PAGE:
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Optometry
Pediatrics

Increasing outdoor time may reduce myopia in children, new study suggests

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Increasing outdoor time for children may potentially reduce the onset and progression of myopia, according to a study, although further research is needed to confirm the long-term benefits and effectiveness of such interventions.

The review evaluated interventions designed to boost outdoor time among primary school children aged 6 to 9 years. The systematic review of 5 randomized controlled trials covered a total of 10,733 participants. The interventions ranged from integrating outdoor classroom activities to using motivational tools and electronic information to encourage children to spend more time outside.

The findings indicate that children in the intervention groups showed less progression towards myopia compared to control groups. Over 2 years, a clinically significant reduction in the change in refractive error (mean difference of 0.13 dioptres) was observed. The incidence of myopia also decreased, with intervention groups showing a 4.2% lower rate than control groups at the 2-year mark. In addition, smaller increases in axial length, a factor related to myopia progression, were noted in the intervention groups.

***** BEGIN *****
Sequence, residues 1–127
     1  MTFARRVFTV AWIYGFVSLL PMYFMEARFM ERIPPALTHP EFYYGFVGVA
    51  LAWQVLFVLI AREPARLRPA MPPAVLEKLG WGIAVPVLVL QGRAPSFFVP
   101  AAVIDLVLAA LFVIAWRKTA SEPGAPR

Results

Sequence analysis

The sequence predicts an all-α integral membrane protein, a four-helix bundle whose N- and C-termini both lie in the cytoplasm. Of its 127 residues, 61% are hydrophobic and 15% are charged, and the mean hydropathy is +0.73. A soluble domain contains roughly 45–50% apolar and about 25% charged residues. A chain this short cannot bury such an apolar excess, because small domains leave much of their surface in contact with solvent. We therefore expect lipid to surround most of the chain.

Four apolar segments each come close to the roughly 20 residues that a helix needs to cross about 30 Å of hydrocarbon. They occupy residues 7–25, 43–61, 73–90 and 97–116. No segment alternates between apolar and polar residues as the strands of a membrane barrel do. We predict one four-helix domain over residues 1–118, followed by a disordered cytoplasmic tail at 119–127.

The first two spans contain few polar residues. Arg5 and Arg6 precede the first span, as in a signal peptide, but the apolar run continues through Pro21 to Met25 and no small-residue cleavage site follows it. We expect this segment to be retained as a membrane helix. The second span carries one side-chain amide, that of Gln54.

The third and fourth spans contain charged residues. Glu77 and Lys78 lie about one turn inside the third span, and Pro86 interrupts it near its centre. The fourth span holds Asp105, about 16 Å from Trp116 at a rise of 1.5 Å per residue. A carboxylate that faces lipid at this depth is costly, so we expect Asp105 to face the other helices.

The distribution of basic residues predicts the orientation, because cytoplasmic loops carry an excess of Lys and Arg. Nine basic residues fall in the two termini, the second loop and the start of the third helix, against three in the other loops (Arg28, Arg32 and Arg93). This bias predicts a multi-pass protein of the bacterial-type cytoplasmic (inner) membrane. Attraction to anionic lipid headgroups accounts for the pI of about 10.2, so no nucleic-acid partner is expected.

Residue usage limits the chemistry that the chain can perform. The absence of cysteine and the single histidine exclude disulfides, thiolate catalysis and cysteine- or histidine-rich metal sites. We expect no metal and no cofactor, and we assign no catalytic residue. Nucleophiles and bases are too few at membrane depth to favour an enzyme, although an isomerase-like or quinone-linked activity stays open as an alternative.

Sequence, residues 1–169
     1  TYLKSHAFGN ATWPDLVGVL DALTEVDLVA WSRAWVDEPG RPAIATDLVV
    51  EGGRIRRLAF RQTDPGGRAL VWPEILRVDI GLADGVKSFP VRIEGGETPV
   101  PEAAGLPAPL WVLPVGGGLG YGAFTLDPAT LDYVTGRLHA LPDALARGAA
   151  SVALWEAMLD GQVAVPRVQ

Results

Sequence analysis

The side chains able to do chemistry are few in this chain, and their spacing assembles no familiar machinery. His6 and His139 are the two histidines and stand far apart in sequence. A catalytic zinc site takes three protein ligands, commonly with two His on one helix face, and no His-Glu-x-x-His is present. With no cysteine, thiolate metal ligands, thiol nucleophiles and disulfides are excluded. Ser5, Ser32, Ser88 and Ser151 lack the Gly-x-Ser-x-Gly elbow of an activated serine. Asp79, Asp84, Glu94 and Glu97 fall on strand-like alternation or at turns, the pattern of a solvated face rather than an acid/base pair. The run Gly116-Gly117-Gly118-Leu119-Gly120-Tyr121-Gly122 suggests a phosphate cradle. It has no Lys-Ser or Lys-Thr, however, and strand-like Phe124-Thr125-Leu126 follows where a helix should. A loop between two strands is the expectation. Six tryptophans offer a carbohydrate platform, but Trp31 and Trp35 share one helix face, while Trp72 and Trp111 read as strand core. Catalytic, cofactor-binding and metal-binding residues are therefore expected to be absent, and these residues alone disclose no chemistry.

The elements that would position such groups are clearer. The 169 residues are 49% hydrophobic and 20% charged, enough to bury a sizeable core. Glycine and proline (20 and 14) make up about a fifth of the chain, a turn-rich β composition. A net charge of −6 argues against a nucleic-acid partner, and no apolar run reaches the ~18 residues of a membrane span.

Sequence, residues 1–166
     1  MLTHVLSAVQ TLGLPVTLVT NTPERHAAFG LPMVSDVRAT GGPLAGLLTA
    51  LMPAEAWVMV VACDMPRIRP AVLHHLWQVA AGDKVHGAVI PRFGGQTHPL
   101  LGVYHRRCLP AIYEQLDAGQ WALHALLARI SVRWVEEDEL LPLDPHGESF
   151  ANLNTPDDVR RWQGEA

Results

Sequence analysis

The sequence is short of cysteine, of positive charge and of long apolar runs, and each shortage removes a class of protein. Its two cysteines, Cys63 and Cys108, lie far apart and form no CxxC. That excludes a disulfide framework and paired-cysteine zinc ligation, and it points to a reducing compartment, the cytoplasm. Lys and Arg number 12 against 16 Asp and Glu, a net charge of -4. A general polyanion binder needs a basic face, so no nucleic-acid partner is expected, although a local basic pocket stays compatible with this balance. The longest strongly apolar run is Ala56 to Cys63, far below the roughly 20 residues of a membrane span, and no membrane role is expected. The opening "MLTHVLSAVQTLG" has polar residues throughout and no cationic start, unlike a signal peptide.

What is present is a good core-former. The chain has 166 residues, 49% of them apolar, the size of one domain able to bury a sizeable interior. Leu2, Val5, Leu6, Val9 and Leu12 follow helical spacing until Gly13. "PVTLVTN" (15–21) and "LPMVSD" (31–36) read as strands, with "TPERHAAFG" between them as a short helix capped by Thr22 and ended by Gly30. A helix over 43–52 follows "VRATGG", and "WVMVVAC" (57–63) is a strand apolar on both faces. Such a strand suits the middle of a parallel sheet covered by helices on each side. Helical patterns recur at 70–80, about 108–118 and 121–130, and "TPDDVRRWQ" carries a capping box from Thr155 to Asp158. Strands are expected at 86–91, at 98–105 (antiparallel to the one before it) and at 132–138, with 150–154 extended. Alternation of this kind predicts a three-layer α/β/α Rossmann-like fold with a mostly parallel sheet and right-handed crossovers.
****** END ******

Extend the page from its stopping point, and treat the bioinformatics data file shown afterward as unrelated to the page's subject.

However, the study acknowledged the limitations of the evidence, with 95% confidence intervals often encompassing both potential benefits and harms. At one and three years, the certainty of evidence was low, making definitive conclusions challenging.

Reference
Kido A, Miyake M, Watanabe N. Interventions to increase time spent outdoors for preventing incidence and progression of myopia in children. Cochrane Database Syst Rev. 2024 Jun 12;6(6):CD013549. doi: 10.1002/14651858.CD013549.pub2. PMID: 38864362; PMCID: PMC11167692.

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